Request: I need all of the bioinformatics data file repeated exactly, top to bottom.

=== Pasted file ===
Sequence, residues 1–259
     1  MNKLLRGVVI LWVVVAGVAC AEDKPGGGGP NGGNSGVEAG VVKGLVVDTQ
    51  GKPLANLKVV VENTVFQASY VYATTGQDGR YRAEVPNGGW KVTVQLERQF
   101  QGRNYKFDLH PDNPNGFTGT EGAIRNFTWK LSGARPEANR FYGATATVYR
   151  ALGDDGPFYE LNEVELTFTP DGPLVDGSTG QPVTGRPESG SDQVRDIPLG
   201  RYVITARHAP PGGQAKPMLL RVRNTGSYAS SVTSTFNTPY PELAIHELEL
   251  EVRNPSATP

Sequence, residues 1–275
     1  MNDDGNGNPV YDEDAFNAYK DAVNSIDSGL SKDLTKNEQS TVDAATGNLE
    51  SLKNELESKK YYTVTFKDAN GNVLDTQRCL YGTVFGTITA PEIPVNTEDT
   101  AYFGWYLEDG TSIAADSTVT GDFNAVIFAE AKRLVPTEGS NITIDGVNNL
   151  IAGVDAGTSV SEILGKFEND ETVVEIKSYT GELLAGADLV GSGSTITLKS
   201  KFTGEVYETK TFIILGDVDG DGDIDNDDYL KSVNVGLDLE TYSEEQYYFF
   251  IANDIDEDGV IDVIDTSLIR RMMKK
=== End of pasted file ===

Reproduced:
Sequence, residues 1–259
     1  MNKLLRGVVI LWVVVAGVAC AEDKPGGGGP NGGNSGVEAG VVKGLVVDTQ
    51  GKPLANLKVV VENTVFQASY VYATTGQDGR YRAEVPNGGW KVTVQLERQF
   101  QGRNYKFDLH PDNPNGFTGT EGAIRNFTWK LSGARPEANR FYGATATVYR
   151  ALGDDGPFYE LNEVELTFTP DGPLVDGSTG QPVTGRPESG SDQVRDIPLG
   201  RYVITARHAP PGGQAKPMLL RVRNTGSYAS SVTSTFNTPY PELAIHELEL
   251  EVRNPSATP

Sequence, residues 1–275
     1  MNDDGNGNPV YDEDAFNAYK DAVNSIDSGL SKDLTKNEQS TVDAATGNLE
    51  SLKNELESKK YYTVTFKDAN GNVLDTQRCL YGTVFGTITA PEIPVNTEDT
   101  AYFGWYLEDG TSIAADSTVT GDFNAVIFAE AKRLVPTEGS NITIDGVNNL
   151  IAGVDAGTSV SEILGKFEND ETVVEIKSYT GELLAGADLV GSGSTITLKS
   201  KFTGEVYETK TFIILGDVDG DGDIDNDDYL KSVNVGLDLE TYSEEQYYFF
   251  IANDIDEDGV IDVIDTSLIR RMMKK